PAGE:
General

It’s Time to Open Up he Clean Room

Sadegh Riazi
October 3, 2023

Clean rooms offer the premise of more secure data collaboration – but their closed-approach architecture can sometimes fall short. It’s time for a better way.

Clean rooms offer the premise of more secure data collaboration – but their closed-approach architecture can sometimes fall short. It’s time for a better way.

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When it comes to your customers' most sensitive data, you want to keep that information as close to the vest as you can. That’s why you guard your data with the strongest firewalls possible – and keep it stored behind them unless absolutely necessary.

Of course, activating data often requires sharing information. Whether you’re passing targeting IDs along to a DSP or consented opt-in information to a publisher to compare audiences, at some stage the data you’ve protected will need to leave the roost. To minimize the exposure of that information, marketers, publishers, and others have turned to clean rooms as a neutral third party to allow them to convey information while still maintaining control of the data.

But traditional clean rooms are never fully risk-free. Even with the enhanced security offered by clean rooms, , there are inherent exposure risks to taking data out of environments that infosec teams spend months to years to build, for the express purpose of letting other companies know what kinds of information that data may hold. 

To minimize that risk, data clean rooms provide in-platform data obfuscation—often in the form of basic privacy enhancing techniques (PETs) often coupled with salting and hashing the data. But these measures may still leave sensitive data unprotected. For the collaboration to work, much information still needs to be passed between the parties through the centralized clean room platform – shielded further by processes that are opaque by design. And while opacity makes sense when it comes to clean rooms – to protect both the data itself and the platform provider’s IP – it also creates huge hurdles for infosec teams to review. At best, the result is weeks’ to months’ delay in getting up and running. At worst, full data confidentiality cannot be guaranteed. 

So where we’ve been in the world of data clean rooms is a closed system that requires heavy emphasis on  trust and carries unwanted risk. Ideally we’d want to transform that closed system to an open one. An open system would include two elements. First, the encryption coding itself would be open-source and fully inspectable by any infosec team looking to work with it – taking the trust element out of the picture. 

Second, there wouldn’t be a platform at all in between the collaborating parties. Instead, each party looking to exchange data would use a private instance of the software allowing them to encrypt on-premise and run the open-source encryption on their own. This eliminates the risks involved of transferring data in any form to a platform. Instead of requiring customers to use a centralized clean room platform, you give them open and decentralized data collaboration software.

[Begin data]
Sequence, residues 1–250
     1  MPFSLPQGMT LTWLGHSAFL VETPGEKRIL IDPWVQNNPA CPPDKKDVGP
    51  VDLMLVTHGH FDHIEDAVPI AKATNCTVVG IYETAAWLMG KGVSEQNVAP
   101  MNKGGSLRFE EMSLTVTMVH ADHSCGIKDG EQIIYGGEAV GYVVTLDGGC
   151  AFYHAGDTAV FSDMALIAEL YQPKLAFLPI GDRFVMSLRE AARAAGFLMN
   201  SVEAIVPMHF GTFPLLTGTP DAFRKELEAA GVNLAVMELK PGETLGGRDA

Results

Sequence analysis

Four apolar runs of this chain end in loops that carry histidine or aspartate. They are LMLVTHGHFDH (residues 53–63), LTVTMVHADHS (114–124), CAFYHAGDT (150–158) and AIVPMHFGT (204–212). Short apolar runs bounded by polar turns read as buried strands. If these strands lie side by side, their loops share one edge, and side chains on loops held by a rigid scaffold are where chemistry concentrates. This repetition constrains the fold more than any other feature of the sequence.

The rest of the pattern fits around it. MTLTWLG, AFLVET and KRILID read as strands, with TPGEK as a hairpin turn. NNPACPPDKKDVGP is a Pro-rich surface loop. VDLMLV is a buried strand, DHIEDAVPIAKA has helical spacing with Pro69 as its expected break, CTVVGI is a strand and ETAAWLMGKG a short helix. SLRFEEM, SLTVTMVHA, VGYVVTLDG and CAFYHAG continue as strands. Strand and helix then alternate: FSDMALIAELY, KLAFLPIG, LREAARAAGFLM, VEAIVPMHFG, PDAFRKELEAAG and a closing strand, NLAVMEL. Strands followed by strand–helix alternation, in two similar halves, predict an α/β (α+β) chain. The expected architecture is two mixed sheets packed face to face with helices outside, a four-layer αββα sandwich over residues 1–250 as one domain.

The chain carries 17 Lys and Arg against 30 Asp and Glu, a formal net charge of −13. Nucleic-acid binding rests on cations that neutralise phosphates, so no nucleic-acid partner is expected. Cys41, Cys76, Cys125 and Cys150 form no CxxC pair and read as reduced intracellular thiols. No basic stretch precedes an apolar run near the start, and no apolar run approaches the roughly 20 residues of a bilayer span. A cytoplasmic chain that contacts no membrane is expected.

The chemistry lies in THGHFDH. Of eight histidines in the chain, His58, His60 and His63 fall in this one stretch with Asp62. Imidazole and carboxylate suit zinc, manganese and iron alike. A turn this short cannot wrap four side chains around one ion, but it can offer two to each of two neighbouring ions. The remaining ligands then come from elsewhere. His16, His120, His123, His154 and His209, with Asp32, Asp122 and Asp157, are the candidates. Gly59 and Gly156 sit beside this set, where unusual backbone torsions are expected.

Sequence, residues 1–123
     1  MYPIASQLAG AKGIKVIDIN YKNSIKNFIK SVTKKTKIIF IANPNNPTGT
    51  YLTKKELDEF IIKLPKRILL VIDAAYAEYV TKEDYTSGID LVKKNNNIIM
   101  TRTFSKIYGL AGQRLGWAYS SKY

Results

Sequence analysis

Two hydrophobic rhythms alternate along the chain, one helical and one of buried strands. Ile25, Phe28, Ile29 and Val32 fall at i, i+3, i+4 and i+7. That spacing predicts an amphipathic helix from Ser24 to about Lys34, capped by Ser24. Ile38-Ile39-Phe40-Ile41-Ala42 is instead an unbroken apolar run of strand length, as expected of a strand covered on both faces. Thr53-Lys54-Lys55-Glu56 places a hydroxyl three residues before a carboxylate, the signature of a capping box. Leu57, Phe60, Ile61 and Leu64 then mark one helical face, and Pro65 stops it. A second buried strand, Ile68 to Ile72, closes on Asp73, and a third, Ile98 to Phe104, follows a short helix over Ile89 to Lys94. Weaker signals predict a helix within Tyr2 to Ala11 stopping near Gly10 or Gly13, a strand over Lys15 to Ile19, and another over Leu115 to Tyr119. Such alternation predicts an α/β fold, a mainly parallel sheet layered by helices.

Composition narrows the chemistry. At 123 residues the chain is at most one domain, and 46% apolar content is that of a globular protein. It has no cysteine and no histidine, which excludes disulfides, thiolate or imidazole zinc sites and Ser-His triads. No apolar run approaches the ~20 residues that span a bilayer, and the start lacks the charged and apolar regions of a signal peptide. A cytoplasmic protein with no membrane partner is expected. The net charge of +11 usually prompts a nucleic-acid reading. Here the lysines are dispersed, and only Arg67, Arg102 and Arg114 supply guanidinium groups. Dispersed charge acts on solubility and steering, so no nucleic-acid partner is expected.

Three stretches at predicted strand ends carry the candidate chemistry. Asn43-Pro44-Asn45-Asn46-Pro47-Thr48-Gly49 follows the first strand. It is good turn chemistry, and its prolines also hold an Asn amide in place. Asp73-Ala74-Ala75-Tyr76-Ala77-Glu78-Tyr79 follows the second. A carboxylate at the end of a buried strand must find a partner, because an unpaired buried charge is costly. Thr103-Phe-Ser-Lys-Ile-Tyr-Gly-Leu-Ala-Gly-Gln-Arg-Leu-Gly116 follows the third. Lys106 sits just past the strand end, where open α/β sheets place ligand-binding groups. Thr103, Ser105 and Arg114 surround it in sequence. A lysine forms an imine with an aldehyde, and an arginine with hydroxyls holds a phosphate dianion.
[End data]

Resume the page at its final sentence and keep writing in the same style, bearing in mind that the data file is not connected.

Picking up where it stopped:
There’s a good reason data collaboration software has not existed historically. A truly secure data collaboration software needs to leverage secure computation. However, secure computation is incredibly complex, and implementing a use case correctly has been next to impossible without a team of PhD data scientists and cryptographers. It’s also been slow and very expensive to run computations on always encrypted data. But with the recent advances in cryptography and data science – most notably in the realm of secure multi-party computation (SMPC) – an open and commercially viable model is now fully achievable. 

We know that the data collaboration software model is feasible because we’ve built it: the Pyte data collaboration software is based on and advances the SMPC principles I’ve outlined above. Importantly, it’s earned the trust of our clients using it currently in many of the most sensitive fields and use cases within and beyond the marketing ecosystem. 

For us and the clients we work with, data collaboration software is a thrilling development that means greater transparency and the elimination of critical potential points of security failure. And we invite the  data clean room companies to join the open and decentralized movement. If you’re a clean room provider looking for a place to start, you can view our own code – which we’ve made open-source – at https://github.com/ciphermodelabs/ciphercore

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It’s Time to Open Up he Clean Room

Clean rooms offer the premise of more secure data collaboration – but their closed-approach architecture can fall short.

Sadegh Riazi
October 3, 2023